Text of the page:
Ian Anderson 9:30 a.m., Nov. 26
- Community Blog
- Bohemian Opus
Reluctant Reflections and Non-Resolutions
Around the end of the year, we Americans feel compelled to look at the past 365 days and decide what we can do to make the next 365 days better.
I was never one to get all excited over New Year’s resolutions. They always reminded me of my childhood when I had to relinquish something for Lent.
“How about liver?” I consistently responded to the what-are-you-giving-up question. I hated liver.
According to the Chinese horoscope, 2013 will be the Year of the Snake—more precisely, the water snake. Snakes are not my favorite animals. I was much more excited about the Year of the Dragon. Dragons are cool.
Ancient Chinese wisdom says that people born in the Year of the Snake are keen, cunning, intelligent, wise and lucky. They are great mediators and good at doing business. The Year of the Snake is supposedly good for scientists and scholars. So far, none of these snake things apply to me. Maybe I should just skip this year and go straight to the Year of the Horse.
Some horoscopes say 2013 will be the Year of the Black Snake. I lived in Florida where there are black snakes that are also water snakes. Imagine the entire 2013-snake year wrapped up in one disgusting reptile. The Floridian black water snakes are very aggressive. If one of those critters gets into a swimming pool, it will chase whatever else is in the pool including humans. And it is impossible to outwit them. I tried.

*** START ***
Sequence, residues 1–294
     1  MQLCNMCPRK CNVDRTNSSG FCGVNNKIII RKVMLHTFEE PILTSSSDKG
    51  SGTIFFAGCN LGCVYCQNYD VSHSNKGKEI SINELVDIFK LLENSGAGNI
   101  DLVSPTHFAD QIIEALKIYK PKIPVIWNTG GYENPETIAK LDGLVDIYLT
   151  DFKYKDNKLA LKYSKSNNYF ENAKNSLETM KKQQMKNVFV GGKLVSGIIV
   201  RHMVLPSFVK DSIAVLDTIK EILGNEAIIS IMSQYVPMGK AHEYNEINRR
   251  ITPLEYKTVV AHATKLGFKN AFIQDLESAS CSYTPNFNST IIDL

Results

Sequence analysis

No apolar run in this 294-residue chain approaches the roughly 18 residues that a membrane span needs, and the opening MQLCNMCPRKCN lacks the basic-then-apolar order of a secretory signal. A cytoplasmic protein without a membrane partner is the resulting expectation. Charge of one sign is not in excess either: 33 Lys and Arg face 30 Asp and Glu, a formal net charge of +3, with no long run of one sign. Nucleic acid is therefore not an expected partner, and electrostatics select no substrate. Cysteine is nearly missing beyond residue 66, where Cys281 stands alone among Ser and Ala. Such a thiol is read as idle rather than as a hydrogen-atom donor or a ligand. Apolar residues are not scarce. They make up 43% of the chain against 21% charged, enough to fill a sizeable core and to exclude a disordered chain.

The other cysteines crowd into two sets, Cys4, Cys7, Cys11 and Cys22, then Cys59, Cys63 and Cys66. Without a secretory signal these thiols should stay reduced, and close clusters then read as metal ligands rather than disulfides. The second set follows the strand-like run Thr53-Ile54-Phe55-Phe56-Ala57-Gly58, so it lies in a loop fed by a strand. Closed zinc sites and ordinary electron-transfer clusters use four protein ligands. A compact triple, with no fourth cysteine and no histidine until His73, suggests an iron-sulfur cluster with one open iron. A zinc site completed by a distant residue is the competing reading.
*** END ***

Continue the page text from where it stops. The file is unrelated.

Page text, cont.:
But, I digress.
This year, on December 31 around midnight, I’ll probably do what I always do—drink tea and listen to jazz. Although I’m not one to list the five happiest, saddest or funniest events of the past year, I’ll probably drag out some photos and mull over a few of the more outstanding highlights—like the trip to San Francisco over the Memorial Day weekend. That was fun. I got to see my friend, Choogie, hike at Big Sur, visit some old hangouts and try out some new food. I’m always up for trying new food—unless it is snake.
Since I retired, every day has been just about perfect. The only exception being the time it has taken me to let go of my former lifestyle and embrace one that includes activities such as relaxing and contemplating my navel.
When I first left the workforce, I found myself stressing as if I still had a job. Everything was a task that I had to complete perfectly and on time. I guess it was sometime last spring when I realized that if my cooking sucked or I didn’t clean the bathroom, it would not be noted on my performance evaluation. I was finally able to exhale.
Then I got the urge to paint. I also thought about becoming a ballerina, but at my age, painting was more doable. I painted in oils many years ago, but when I moved from California to Florida, I became depressed and stopped. I didn't think I would ever paint again until I returned to California and once again felt inspired. I figured I should at least give it a try.
I picked up a brush and enrolled in some online classes and a few workshops. After a shaky start, I realized that I had not forgotten much. I was a little rusty, but before long I was painting with confidence once again. Now painting, along with writing, takes priority over everything else.
I am not planning on making any resolutions—unless I resolve to never again clean the bathroom or do anything else that is boring. I have no regrets that another year is passing, and have no expectations or desires for the New Year. I’ll kiss the dragon goodbye and keep on living exactly as I do now—with the exception of maybe trying to make peace with the black water reptile.